Before moving on, it is imperative to understand that no one is justifying the brutal acts committed by the convicted minor in the December 16 gang-rape case. However, the current law, which applies to all juveniles across the board, cannot be determined by one horrific example. In other words, the law is for general application and not for a particular case. The Justice Verma Committee, a three-member commission tasked with reforming and invigorating anti-rape law, said in its report, “We cannot hold the child responsible for a crime before first providing him the basic rights given to him by the Constitution.” Numerous examples worldwide have proven that transferring a child to adult prison system has failed to prevent repeat offences and lower juvenile crime rates. Moreover, what detailed provisions has the government made to jail convicted minors in separate facilities from hardened adult criminals? What’s worse, budgetary allocation for the development of children has faced drastic cuts under the present government.  How does the Centre intend to strengthen the system and administer the provisions of this bill if adequate funds are not spent? Does India have the requisite institutional capacity to bring the law into practice, without undermining the rights of a child? Our juvenile justice system is already poorly equipped with infrastructure and a shortage of counsellors and child psychologists, and a growing backlog of cases.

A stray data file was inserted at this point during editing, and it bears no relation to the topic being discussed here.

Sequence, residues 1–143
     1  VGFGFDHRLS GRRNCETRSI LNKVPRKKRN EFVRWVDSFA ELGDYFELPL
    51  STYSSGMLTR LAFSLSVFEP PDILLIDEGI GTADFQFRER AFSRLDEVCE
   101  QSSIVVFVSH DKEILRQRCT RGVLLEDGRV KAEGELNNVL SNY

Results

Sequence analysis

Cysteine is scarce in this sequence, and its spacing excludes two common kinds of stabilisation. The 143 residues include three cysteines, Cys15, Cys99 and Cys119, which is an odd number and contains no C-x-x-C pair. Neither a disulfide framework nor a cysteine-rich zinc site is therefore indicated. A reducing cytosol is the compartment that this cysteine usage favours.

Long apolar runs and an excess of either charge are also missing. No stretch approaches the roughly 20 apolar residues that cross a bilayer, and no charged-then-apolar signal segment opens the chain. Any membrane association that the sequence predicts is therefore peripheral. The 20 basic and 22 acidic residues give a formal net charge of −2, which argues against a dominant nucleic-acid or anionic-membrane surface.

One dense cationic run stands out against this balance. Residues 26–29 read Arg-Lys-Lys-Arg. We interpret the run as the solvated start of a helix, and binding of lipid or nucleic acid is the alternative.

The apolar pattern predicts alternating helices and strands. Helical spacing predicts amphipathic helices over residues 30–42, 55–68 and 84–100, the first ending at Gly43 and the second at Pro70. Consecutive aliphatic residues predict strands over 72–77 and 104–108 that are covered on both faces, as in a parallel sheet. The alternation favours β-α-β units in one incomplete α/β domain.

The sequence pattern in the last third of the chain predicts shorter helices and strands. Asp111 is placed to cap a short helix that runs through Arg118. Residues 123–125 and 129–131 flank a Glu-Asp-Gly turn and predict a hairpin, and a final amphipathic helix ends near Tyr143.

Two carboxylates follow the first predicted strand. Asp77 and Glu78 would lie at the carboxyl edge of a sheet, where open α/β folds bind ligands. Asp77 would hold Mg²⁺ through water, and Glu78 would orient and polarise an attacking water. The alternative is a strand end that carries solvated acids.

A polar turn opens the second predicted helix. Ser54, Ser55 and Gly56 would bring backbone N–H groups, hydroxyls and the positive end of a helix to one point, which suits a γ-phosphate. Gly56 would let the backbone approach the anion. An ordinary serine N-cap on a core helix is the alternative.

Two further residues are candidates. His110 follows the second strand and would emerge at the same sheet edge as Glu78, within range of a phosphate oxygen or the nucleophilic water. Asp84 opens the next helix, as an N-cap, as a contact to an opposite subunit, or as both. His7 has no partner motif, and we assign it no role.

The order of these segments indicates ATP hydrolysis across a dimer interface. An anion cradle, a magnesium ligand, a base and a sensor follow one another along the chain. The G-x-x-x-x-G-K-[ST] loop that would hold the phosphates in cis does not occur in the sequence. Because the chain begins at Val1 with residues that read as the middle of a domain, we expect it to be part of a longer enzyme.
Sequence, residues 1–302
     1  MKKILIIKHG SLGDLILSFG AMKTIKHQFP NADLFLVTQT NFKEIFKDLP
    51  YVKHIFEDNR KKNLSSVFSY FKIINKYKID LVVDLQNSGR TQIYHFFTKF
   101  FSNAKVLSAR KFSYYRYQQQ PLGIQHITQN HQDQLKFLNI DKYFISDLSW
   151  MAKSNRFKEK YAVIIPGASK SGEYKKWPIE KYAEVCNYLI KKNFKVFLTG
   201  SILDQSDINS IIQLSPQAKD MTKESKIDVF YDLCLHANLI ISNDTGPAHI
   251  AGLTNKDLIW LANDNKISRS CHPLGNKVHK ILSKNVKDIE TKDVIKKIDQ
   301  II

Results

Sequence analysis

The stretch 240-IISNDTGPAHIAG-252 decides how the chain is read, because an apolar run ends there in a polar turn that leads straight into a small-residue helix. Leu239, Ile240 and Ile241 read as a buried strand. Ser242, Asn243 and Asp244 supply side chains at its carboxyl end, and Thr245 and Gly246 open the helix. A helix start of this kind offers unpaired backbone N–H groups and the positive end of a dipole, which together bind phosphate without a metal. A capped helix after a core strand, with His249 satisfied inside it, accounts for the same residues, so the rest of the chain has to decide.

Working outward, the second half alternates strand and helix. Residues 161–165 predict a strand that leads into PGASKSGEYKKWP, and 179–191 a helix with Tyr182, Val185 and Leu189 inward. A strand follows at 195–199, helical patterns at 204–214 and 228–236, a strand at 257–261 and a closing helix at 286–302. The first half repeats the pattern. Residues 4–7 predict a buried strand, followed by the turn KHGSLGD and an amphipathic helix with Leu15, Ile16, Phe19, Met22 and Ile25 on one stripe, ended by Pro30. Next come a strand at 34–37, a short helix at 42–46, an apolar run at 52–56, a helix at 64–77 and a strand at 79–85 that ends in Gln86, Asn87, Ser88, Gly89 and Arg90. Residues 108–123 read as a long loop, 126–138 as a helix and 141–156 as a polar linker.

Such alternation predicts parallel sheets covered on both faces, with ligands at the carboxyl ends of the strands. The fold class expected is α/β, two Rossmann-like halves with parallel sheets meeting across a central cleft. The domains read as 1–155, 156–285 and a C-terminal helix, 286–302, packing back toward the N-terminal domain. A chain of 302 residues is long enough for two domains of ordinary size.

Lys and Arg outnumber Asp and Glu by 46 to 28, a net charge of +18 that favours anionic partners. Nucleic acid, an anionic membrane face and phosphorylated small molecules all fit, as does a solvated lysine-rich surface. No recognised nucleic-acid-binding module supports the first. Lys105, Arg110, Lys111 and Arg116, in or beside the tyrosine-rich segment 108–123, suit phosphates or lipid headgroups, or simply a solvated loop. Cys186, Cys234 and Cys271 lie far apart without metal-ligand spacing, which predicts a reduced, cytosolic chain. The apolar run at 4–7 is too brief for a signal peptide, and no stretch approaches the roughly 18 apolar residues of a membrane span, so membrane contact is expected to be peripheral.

One of the underlying rationales behind the passage of the bill was the supposed spike in juvenile crimes. Suffice to say, this fact is patently wrong. According to data available with the National Crime Records Bureau, the number of juvenile crimes went up from 35,465 in 2012 to 42,566 in 2014, under the Indian Penal Code. However, it still formed only 1.2 per cent of the overall crime rate over the last three years. When it comes to “heinous” crimes, in 2014, of the 33,981 murders committed, of which 841 (2.5 percent) were committed by juveniles. Similarly, of the 36,735 rapes in the year, a mere 1,989 (5.4 percent) were committed by juveniles. Experts contend that the slight spike in the juvenile crime rate in the last three years has largely been due to the natural increase in population. It is a classic statistical error to presume that the juvenile crime has spiked when absolute numbers are merely understood in isolation. Talking about statistics, majority of children in conflict with the law come from poor and illiterate families. In 2013, 77.5 percent of the children arrested came from families with a monthly household income of Rs 4.200. Moreover, 87 percent have not received a higher secondary education. Instead of giving these children an opportunity to integrate into our society, they will now be tried under the adult legal system. Experts, therefore argue that instead of properly implementing the existing provisions for rehabilitating children in conflict with the law, they are being held responsible for the failures of the juvenile justice system. Suffice to say, the government should have fixed the juvenile justice system first. To make matters worse, two years ago, our Parliament introduced a law that criminalised consensual sex between minor teenagers. The new law now raises the possibility of 16-year-old boys being convicted of rape for having consensual sex with girls of the same age.  In conclusion, the new law will prevent another juvenile convict from escaping stringent punishment, like in the December 16 gang-rape case. However, we must ask ourselves if the costs of trying minors as adults could outweigh the benefits? Debate on the subject must carry on, irrespective of the Bill’s passage.